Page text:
Components in the outer wall of bacteria directly activate pain sensors, triggering immediate pain and inflammatory responses. This finding by a multinational team of researchers led by Professor Karel Talavera (KU Leuven, Belgium) and Professor Félix Viana (Institute of Neuroscience, Spain) sheds new light on pain associated with bacterial infections and reveals a new target for drugs designed to treat them.
Bacterial infections are a global health problem and their treatment remains a major challenge to modern medicine. Infections of Gram-negative bacteria, in particular, are a major cause of human diseases, such as pneumonia, meningitis, gastroenteritis and gonorrhea.
Part of Gram-negative bacteria's danger lies in certain disease-causing components in the bacteria's outer wall. The most significant, say the researchers, is lipopolysaccharide (LPS). In bacterial infections, LPS fragments from damaged bits of the bacterial walls are released locally, triggering an immune response.
When they come in contact with specialised TLR4 receptors at the surface of 'sentinel' immune cells, chemicals are released that recruit other immune cells, inducing swelling, tissue injury and eventual lyses and clearance of the bacteria.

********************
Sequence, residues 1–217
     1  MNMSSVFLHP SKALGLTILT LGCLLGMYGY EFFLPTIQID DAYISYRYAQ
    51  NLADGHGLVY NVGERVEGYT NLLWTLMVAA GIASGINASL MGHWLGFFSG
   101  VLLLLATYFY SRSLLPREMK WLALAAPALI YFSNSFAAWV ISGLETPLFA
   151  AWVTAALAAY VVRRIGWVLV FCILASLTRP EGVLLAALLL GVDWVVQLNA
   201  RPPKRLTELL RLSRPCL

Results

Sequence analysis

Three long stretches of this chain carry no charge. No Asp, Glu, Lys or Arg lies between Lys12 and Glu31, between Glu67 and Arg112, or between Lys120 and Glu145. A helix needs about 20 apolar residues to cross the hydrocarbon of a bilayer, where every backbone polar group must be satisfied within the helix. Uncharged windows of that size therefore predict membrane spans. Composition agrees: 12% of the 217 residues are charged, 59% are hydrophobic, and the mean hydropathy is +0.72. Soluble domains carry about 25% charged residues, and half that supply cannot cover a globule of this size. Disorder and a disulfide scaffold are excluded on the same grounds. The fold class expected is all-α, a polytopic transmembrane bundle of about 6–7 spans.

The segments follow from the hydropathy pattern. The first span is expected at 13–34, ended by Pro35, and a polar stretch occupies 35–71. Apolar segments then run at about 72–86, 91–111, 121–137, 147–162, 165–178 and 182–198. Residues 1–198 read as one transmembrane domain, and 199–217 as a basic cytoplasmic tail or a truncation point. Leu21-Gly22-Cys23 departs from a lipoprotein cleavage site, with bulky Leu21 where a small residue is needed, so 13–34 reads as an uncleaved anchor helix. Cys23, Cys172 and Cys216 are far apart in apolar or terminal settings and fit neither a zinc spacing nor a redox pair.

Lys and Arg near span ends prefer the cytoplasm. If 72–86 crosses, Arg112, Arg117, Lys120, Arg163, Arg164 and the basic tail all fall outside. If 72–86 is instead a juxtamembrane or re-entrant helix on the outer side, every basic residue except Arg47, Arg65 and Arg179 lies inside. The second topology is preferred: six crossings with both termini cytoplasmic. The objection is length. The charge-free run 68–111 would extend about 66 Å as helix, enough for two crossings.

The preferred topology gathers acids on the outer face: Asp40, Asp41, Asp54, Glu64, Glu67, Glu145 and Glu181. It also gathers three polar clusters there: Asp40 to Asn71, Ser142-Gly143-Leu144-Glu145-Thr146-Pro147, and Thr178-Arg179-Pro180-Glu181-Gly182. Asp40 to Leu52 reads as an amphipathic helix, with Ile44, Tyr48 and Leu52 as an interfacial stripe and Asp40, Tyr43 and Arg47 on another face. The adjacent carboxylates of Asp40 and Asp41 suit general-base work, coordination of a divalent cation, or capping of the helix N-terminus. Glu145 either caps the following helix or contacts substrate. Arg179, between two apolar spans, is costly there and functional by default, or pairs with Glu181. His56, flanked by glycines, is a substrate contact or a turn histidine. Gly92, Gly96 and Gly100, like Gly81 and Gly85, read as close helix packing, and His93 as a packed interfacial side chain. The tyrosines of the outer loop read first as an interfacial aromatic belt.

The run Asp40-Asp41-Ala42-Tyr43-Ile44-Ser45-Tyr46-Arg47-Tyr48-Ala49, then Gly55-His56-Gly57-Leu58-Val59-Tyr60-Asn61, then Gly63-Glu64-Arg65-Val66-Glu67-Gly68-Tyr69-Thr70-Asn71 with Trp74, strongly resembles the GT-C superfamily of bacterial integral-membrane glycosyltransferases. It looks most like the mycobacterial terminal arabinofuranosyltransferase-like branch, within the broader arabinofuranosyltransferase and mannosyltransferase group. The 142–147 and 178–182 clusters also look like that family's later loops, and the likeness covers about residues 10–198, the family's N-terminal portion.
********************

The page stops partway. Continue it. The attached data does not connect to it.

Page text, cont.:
But our immune system is unable to respond quickly enough to the presence of LPS, and fast reactions to this molecule, such as acute pain, inflammation and low blood pressure, remained unexplained until now.
The study, published in the 20 January issue of Nature Communications, uncovers, on the molecular level, how LPS causes these symptoms. The researchers found that LPS insert in the membrane surrounding sensory nerve endings, inducing a mechanical deformation that is then sensed by TRPA1 proteins. This leads to activation of TRPA1 within a matter of seconds, the influx of positively-charged ions into the nerves and the firing of electric signals that are interpreted as pain by our central nervous system.
In addition, the influx of calcium ions through TRPA1 induces the release of factors that produce dilation of the blood vessels and tissue inflammation.
The study is the culmination of a five-year probe by lead author Victor M. Meseguer (UC Berkeley) that started in a dentist's office. Inquiring into the cause of his toothache, he was told it was a bacterial infection but that the underlying molecular mechanisms were not yet known. Today, he and his co-authors are able to show that his tooth pain was caused by bacterial LPS targeting TRPA1.
TRPA1 proteins are already known to be a detector of multiple harmful compounds contained in smoke, mustard, wasabi and tobacco. We can now add bacterial LPS to that list, say the researchers.
"The identification of TRPA1 as a molecular determinant of direct LPS effects on pain-sensing neurons offers new insights into the pathogenesis of pain and neurovascular responses during bacterial infections and opens novel avenues for their treatment," said senior author Karel Talavera.
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